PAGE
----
Knowingly under-reporting income or providing false information to the Internal Revenue Service with the intent to avoid or reduce your tax obligation is a violation of federal law. In most cases, the government will impose civil penalties on violators. But criminal prosecution is a very real possibility that can result in a substantial prison sentence in addition to fines and other penalties.
Defending tax fraud and tax evasion charges requires the expertise of experienced federal criminal defense lawyers who possess a deep understanding of the U.S. tax code and the IRS’s procedures, strategies, and tactics. Stechschulte Nell, Attorneys at Law, in Tampa represents Floridians who are charged with tax-related and other financial crimes in federal court. If you are facing any federal tax or financial investigation, contact the experienced tax defense attorneys in Tampa and St. Petersburg, Ben Stechschulte and Amy Nell.
Tax Crimes and Offenses and Their Penalties
There are several methods by which a person can violate federal taxation laws. While some offenses result in civil fines and penalties rather than criminal prosecution, the size of the fines imposed is often financially ruinous.
What Is Tax Evasion?
Knowingly and willfully under-reporting your income on your tax return with the intent to evade justly owed taxes to the government. This is not the same thing as “failing to file a tax return.” The crime requires the person to know or reasonably believe they owe more tax than is reflected on their return and they file the return attempting to escape paying what they owe.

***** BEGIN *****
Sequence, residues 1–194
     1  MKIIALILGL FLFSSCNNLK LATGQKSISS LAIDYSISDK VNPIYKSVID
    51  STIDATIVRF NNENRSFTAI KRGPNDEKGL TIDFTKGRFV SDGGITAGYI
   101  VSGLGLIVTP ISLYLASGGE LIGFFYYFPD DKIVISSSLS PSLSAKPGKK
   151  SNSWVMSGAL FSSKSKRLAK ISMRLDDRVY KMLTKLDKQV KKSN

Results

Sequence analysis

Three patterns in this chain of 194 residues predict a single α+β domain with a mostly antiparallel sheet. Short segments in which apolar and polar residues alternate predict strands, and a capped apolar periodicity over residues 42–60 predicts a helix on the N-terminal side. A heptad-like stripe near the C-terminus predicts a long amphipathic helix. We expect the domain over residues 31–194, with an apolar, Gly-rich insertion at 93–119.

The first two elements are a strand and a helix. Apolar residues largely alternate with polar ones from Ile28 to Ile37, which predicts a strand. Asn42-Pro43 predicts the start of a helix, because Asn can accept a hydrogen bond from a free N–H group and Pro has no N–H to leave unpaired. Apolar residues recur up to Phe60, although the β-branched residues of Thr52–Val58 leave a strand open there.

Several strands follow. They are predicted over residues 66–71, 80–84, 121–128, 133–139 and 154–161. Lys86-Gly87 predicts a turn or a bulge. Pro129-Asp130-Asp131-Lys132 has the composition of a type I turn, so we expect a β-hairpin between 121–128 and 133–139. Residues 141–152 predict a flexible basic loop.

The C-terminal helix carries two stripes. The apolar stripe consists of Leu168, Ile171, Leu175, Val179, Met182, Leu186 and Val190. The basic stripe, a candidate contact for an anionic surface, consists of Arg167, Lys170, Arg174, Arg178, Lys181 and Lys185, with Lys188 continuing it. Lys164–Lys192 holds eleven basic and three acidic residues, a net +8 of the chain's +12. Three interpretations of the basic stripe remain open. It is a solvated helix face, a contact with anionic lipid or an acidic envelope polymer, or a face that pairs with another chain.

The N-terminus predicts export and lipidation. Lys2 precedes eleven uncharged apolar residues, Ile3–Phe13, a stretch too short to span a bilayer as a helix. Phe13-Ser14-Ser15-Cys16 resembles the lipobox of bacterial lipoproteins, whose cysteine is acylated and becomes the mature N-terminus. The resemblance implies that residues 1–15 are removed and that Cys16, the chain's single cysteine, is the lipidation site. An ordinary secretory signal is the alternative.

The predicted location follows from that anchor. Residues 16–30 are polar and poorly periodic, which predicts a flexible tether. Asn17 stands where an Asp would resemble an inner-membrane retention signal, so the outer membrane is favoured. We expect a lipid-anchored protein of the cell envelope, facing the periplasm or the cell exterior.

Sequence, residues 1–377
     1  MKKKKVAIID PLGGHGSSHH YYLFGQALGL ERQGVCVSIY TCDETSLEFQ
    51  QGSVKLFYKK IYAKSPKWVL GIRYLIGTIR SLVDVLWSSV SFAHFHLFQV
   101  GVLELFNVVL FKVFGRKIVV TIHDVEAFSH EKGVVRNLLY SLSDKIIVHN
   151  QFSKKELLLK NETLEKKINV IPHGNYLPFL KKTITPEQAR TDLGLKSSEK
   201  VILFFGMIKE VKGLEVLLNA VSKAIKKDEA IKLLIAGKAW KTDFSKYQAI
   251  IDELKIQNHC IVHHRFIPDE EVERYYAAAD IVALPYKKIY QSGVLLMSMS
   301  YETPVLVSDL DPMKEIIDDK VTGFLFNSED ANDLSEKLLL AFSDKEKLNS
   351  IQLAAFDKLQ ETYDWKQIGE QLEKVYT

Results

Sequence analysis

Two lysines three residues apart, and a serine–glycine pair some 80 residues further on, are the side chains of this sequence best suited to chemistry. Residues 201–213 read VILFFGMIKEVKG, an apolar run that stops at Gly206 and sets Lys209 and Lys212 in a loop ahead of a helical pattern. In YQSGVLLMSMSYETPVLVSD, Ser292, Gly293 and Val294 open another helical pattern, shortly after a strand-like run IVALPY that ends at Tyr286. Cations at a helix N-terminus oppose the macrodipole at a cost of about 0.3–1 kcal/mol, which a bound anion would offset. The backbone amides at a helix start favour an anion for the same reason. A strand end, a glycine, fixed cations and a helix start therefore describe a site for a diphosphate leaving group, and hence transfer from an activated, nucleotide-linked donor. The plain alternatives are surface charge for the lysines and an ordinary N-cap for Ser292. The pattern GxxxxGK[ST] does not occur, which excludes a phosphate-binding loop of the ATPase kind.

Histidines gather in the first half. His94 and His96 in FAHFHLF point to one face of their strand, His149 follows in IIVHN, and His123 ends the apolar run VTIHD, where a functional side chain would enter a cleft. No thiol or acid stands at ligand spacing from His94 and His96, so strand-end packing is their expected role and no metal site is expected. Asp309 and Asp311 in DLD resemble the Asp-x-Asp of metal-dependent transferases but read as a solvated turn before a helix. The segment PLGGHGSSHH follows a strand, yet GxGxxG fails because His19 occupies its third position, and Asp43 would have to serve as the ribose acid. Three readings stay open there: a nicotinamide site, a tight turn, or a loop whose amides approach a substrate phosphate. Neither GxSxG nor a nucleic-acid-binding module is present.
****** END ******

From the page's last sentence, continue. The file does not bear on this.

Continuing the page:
The offense requires what the law refers to as “mens rea,” which means a “guilty mind.” It means that the government prosecutors need to prove beyond a reasonable doubt that the defendant was aware that they were not reporting truthful information on their tax return. (The crime of attempting to evade taxes carries the same penalty.)
Examples could include paying personal expenses through a business, falsifying corporate documents to hide the nature of funds received, falsifying deductions, misclassifying payments, creating phony debts, and an almost endless list of other schemes to defraud the government’s tax assessment and collection.
Penalty for Tax Evasion
Up to 5 years in federal prison (per count) plus a fine of $250,000 for individuals and $500,000 for corporations, plus repayment to the government for the full cost of prosecution.
What is a False Statement on Your Income Tax Return?
Knowingly and willfully signing and submitting a tax return, under the penalty of perjury, that you did not believe to be true and correct as to every “material” matter. A false statement on a tax return is material if it has “a natural tendency to influence, or [is] capable of influencing, the decision of the [IRS].”
This criminal offense also requires the government prosecutors to prove “mens rea” beyond a reasonable doubt, that you knew the material information you were providing was not correct. Doing so under the mistaken belief that the information was accurate, or not noticing that you included incorrect information will not support a conviction.
Penalty for False Statements on Income Tax Return
Up to 3 years in federal prison (per count) plus a fine of up to $100,000 for individuals and $500,000 for corporations, plus repayment to the government for the full cost of prosecution.